charges to which he pleaded not guilty, nor has
the State had the opportunity to marshal its
evidence and resources more than once or to hone
its presentation of its case through a trial."
467 U.S. at 501, 104 S.Ct. at 2542.
concluded that a defendant "should not be
entitled to use the Double Jeopardy Clause as a
sword to prevent the State from completing its
prosecution on the remaining charges." Id. at
502, 104 S.Ct. at 2542. While it is true that
Johnson involved a single indictment with
multiple counts, the Court's reasoning applies
equally to a case involving multiple indictments
brought in a single prosecution. By itself, the
fact that the Commonwealth charged Buchanan in
separate indictments does not constitute the
type of "governmental overreaching that double
jeopardy is supposed to prevent." Id. at 502,
104 S.Ct. at 2542.
argues that, under Virginia law, he had an
absolute right to plead guilty at any time to
the entirety of any indictment against him. He
relies on Graham v. Commonwealth, 11 Va.App.
133, 137-40, 397 S.E.2d 270, 273 (1990), but his
reliance is misplaced. The Virginia Court of
Appeals explained that a plea of guilty to a
lesser included offense would not bar
prosecution of a greater offense pending in the
The only discretion given to
a court by the statute is the right to refuse a
plea of guilty to any lesser offense included in
the charge upon which the accused is arraigned.
Here the defendant wished to plead guilty to the
whole of the indictment, not to a lesser
Va.App. at 137, 397 S.E.2d at 272.
explanation in Graham is dictum, it was
confirmed in a subsequent case. The Virginia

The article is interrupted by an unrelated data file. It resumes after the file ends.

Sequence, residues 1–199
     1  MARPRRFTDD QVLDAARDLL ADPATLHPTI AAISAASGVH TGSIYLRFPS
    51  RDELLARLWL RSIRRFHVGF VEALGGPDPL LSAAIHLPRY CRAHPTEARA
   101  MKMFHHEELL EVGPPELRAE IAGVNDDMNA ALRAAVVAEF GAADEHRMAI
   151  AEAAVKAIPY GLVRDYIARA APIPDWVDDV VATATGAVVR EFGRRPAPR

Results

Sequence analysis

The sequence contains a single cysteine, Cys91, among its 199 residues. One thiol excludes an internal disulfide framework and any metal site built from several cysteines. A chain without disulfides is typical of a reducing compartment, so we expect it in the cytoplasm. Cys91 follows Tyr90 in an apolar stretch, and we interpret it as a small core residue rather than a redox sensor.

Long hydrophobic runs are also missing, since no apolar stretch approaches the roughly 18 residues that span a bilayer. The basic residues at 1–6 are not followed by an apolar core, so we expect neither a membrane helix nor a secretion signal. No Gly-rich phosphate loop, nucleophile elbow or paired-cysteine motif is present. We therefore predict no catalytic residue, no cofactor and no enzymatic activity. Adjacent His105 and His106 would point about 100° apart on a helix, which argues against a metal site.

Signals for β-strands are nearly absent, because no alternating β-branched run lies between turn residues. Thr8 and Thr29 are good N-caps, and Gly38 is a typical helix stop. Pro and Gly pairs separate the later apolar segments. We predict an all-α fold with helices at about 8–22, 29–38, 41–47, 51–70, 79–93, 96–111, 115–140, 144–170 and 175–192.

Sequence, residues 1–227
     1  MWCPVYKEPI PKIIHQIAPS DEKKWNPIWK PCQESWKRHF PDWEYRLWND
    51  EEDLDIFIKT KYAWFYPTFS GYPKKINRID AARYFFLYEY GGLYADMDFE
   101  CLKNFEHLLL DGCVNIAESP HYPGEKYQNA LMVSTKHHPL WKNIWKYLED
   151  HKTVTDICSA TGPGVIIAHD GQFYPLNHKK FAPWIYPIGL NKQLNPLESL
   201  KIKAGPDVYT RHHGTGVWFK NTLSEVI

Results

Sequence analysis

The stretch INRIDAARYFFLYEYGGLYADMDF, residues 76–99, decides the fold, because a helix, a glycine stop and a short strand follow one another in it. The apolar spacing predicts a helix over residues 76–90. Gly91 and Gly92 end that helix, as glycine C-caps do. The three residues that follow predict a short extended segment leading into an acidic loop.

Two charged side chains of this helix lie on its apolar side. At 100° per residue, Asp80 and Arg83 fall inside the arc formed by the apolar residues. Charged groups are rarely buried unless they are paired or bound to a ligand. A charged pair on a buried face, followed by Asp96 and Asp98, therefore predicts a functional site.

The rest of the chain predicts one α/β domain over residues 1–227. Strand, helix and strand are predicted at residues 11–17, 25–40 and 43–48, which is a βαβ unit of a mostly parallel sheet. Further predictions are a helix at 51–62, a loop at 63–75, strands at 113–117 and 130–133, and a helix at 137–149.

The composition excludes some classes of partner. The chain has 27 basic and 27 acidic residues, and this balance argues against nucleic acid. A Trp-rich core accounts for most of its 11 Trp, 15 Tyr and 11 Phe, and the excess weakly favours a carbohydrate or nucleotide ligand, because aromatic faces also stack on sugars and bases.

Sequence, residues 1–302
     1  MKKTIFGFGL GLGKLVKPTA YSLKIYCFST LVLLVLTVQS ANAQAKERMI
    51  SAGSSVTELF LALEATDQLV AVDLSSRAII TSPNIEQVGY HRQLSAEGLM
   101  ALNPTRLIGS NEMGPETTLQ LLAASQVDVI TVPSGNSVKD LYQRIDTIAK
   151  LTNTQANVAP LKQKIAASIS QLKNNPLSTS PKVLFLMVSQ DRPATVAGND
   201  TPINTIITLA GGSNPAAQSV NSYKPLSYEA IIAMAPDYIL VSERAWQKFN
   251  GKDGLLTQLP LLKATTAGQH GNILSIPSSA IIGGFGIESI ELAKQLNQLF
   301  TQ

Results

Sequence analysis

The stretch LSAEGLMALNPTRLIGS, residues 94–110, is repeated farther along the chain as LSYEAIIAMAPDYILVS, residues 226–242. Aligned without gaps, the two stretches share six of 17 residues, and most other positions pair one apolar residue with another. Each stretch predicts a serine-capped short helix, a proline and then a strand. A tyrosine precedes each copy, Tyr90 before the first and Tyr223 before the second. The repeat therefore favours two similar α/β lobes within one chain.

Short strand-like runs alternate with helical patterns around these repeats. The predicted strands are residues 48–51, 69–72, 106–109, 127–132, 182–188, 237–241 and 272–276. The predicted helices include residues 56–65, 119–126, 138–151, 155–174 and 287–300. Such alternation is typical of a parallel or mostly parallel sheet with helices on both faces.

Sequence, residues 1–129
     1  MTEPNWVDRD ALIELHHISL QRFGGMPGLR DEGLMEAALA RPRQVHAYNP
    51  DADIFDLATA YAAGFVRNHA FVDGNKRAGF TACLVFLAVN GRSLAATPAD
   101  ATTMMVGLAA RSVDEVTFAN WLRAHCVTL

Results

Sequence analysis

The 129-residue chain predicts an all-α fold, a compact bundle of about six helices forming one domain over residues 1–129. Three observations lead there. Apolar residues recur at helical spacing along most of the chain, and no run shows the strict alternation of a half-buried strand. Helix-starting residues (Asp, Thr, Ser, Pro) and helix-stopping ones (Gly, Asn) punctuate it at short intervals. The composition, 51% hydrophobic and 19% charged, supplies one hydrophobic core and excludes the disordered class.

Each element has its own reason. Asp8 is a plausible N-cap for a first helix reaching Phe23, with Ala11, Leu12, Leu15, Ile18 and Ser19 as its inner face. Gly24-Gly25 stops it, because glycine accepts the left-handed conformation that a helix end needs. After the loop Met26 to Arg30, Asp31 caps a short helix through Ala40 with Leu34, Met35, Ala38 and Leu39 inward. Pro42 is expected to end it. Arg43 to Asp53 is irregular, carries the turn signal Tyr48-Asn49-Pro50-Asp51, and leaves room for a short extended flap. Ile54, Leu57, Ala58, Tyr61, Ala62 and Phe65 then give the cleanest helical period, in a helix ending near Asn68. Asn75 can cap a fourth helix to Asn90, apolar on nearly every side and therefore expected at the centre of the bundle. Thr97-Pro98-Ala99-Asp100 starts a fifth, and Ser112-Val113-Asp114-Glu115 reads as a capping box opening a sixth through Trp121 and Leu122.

Court of Appeals held that pleading guilty to a
first degree murder indictment does not preclude
the simultaneous prosecution of a capital murder
indictment involving the same transaction. Rea
v. Commonwealth, 14 Va.App. 940, 943-45, 421 S.E.2d
464, 466-68 (1992) (relying on Ohio v. Johnson,
467 U.S. 493, 104 S.Ct. 2536, 81 L.Ed.2d 425).
background, it is evident that Buchanan's right
to counsel was not violated. The Sixth Amendment
right to counsel guarantees effective assistance
of counsel. Strickland v. Washington, 466 U.S.
668, 686, 104 S.Ct. 2052, 2063-64, 80 L.Ed.2d
674 (1984). In order to establish deprivation of
this right, a criminal defendant must show both
that counsel acted incompetently and that
counsel's incompetence was prejudicial. Id. at
687, 104 S.Ct. at 2064.
was no reason to believe that pleading guilty to
the first degree indictments would have barred
prosecution of the capital charges, the failure
of Buchanan's counsel to recommend this course
of action cannot be labelled incompetent.
Additionally, since Buchanan could not have
blocked prosecution of the capital charges by
pleading guilty to the lesser included offenses,
pleading not guilty did not prejudice him. For
these reasons, we reject Buchanan's argument
that his counsel was ineffective.
asserts that the Virginia Supreme Court's review
of his case was constitutionally inadequate in
two respects. First, he alleges that the court
failed to consider the mitigating evidence he
offered. Second, he claims that the court did
not conduct the proportionality review required
by Virginia statute in a rational manner. He
argues the first deficiency violated both his
due process and Eighth Amendment rights, while
the second violated his due process rights.
According to Buchanan, the federal due process
violations arise because the Virginia Supreme
Court improperly implemented the pertinent state
Amendment requires that the death penalty not be
imposed in an arbitrary or capricious manner.
Godfrey v. Georgia, 446 U.S. 420, 428, 100 S.Ct.
1759, 1764-65, 64 L.Ed.2d 398 (1980). Meaningful
appellate review is an important safeguard
against improper imposition of the death penalty.
Parker v. Dugger, 498 U.S. 308, 321, 111 S.Ct.
731, 739-40, 112 L.Ed.2d 812 (1991). Consistent
with those constitutional requirements, Virginia
law directs the Commonwealth's highest court to
review the record in every death penalty case to
determine whether the sentence was "imposed
under the influence of passion, prejudice or any
other arbitrary factor." Va.Code Ann. §
17-110.1.C.1 (Michie 1996).
Supreme Court conducted the mandatory statutory
review in this case. The court engaged in an "independent
review of the record." By doing so, the court
necessarily became aware of the mitigating
evidence Buchanan had presented. Nevertheless,
the court's examination "reveal[ed] nothing to
suggest that the death penalty was imposed ...
as the result of passion, prejudice, or